George Washington Was Right
by Mary Wakefield Buxton
Urbanna, Va.— In a time when ideas of our Founding Fathers are being challenged perhaps to a degree never seen before. I want to discuss one idea with which I emphatically agree—George Washington’s distaste for political parties. He felt they would be highly destructive to our republic.
Even at the birth of the nation under his initial presidency, political parties had begun agitating for special favors from government. Our first president was appalled by their selfish agendas and was disgusted with special interest groups that worked for legislation and largess that favored themselves over all other Americans.
However, Washington was no idealist. He was resigned to the fact they would always be with us. Jump from back then to today to see just how right he was about the damage political parties would do to our nation.
The deadly polarization we have witnessed of late across the nation is the result of political parties constantly attacking each other. Millions of Americans including me are sick of it and wish for non-partisan leadership. The parties, often orchestrated by unconscionable political charlatans that ride to election victories on emotionally charged up partisans who stir class hatred and fear in order to drive out their voters in the name of getting power have cruelly divided the country.
Although political operatives work at all levels of elections, national presidential elections are the most bitterly fought campaigns. The parties seemingly will do and say almost anything to stoke the passions to win votes for their candidate.
Both parties contribute obnoxious examples. A favorite ploy of the Democrats as an election approaches is to promote hatred and class envy against “the rich.” Republicans, however, prefer to use fear of more taxes, rising crime rates or attacks on the homeland to send their voters to the polls.
Well-remembered fear ads from the past include the classic daisy petals being plucked as the countdown to a nuclear explosion takes place suggesting a vote for the opposition might trigger nuclear holocaust. Another infamous ad promoted a murderer who was pardoned by a candidate only to be free to kill again.
Before TV provided opportunity for such powerful negative ads, there was the ever-wagging human tongue. Who remembers hearing about the “whisper campaign” used against Al Smith, unsuccessful candidate for nomination for president in 1928? The poor soul was Catholic and the whisper campaign got him . . . using irrational fear that if he were elected president, the Pope would be running the White House.
Perhaps what is even more discouraging is the malleable and unthinking public that can be so easily swayed by such negative ads. Yesterday’s media was tame compared to today’s hi-tech equipment with half the population hooked into their blackberries and iPods. The palsy-walsy emails and text messages of today, even using first names coming directly from the White House or Congress and delivering daily “talking points” to followers suggest such candidates believe people can’t think for themselves.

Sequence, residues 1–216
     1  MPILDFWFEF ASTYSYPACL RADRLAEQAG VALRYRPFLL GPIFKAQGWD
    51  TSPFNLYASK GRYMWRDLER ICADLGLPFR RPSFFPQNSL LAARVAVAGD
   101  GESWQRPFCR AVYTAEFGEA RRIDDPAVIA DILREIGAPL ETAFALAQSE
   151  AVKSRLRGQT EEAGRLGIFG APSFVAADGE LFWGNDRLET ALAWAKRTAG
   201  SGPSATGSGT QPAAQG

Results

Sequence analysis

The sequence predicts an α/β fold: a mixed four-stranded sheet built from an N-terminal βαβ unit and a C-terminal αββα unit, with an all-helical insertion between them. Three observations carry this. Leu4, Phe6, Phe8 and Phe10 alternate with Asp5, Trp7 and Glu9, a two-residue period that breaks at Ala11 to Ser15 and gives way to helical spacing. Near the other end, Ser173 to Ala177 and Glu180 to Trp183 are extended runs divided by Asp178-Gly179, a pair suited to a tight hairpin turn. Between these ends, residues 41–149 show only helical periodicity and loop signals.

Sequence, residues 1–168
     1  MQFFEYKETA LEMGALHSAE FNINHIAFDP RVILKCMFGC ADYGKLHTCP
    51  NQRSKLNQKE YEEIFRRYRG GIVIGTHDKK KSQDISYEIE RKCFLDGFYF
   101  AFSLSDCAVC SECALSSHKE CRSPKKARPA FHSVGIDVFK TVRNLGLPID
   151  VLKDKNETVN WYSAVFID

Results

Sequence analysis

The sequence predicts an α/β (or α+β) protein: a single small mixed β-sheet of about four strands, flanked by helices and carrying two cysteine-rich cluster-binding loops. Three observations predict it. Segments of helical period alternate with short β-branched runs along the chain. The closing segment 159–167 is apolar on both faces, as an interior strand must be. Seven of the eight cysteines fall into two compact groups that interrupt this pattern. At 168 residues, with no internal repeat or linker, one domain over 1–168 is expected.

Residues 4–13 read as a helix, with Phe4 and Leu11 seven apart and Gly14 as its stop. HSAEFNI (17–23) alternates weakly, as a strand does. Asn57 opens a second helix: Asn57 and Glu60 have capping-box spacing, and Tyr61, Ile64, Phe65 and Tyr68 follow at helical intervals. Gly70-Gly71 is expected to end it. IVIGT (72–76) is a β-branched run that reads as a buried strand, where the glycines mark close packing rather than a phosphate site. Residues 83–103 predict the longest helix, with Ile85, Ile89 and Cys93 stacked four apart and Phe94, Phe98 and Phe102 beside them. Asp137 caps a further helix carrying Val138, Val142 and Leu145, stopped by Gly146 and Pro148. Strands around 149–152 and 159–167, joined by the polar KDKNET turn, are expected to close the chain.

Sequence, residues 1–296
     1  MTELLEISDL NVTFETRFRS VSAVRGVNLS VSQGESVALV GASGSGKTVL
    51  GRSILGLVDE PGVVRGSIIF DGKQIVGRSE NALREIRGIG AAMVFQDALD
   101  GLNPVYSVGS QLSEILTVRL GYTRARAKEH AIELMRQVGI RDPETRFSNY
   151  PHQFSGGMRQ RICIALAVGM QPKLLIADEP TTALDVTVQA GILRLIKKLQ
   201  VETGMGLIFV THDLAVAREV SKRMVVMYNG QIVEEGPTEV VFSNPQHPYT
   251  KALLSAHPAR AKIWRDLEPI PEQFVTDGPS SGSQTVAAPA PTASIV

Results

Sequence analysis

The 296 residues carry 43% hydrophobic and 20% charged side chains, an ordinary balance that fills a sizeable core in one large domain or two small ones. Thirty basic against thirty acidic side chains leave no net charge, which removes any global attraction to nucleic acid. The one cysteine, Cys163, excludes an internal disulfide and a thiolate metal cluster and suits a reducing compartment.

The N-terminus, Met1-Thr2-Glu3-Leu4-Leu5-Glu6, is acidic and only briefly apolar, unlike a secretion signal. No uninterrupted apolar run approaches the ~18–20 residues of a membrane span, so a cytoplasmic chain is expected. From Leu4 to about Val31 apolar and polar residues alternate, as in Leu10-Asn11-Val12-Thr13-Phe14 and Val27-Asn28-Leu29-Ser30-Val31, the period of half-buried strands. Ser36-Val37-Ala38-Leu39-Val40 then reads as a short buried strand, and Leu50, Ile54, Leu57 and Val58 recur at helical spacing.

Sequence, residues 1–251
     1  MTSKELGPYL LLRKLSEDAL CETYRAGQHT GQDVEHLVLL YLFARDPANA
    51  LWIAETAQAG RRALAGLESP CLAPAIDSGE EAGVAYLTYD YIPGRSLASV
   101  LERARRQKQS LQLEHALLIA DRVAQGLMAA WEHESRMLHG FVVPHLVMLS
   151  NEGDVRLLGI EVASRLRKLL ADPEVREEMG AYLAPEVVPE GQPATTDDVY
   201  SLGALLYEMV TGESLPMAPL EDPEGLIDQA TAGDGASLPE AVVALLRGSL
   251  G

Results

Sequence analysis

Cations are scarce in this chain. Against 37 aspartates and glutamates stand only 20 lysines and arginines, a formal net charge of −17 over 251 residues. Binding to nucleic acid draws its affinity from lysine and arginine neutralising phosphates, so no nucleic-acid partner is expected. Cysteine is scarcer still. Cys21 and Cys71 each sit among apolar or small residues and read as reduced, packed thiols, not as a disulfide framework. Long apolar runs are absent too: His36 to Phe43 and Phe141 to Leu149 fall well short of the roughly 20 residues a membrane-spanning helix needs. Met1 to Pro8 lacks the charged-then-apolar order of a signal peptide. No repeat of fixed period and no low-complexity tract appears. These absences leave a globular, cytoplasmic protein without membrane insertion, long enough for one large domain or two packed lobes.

Then it has become fashionable of late to lock out the other party if possible, from writing new legislation. The passage of the Affordable Health Act was a perfect example as one party totally ignored the concerns of the other party. All citizens lose with such one-sided government.
Now there is even a new trend. Each party now smugly wraps itself with adornment of self-righteousness—for example, “only our party has the best interests of the poor” or “only our party is made up of educated people who stay abreast of current events.” I actually dread the approach of another presidential campaign.
Here’s a suggestion. Instead of this unsavory and divided “red/blue country” partisan politics has delivered to us, let’s agree we all have legitimate concerns and work together to solve the ills of the nation.
I’m private sector and I join millions of other small businesses in having to meet a payroll every week and I am concerned with rising payroll taxes which severely limit my hiring new employees. Yet, those in the public sector may not be interested in problems of meeting payroll. Maybe their concern is getting more public tax revenues so they can expand needed public services.
Someone else may be out of a job and need unemployment benefits, and another may need support to cover living expenses. The list of genuine and legitimate concerns are many and varied. So why can’t we all sit down at the table and attend to each concern in a fair and upright manner without the need to ignore, abuse, blame, scapegoat or destroy others?
Dream on, Mary, dream on.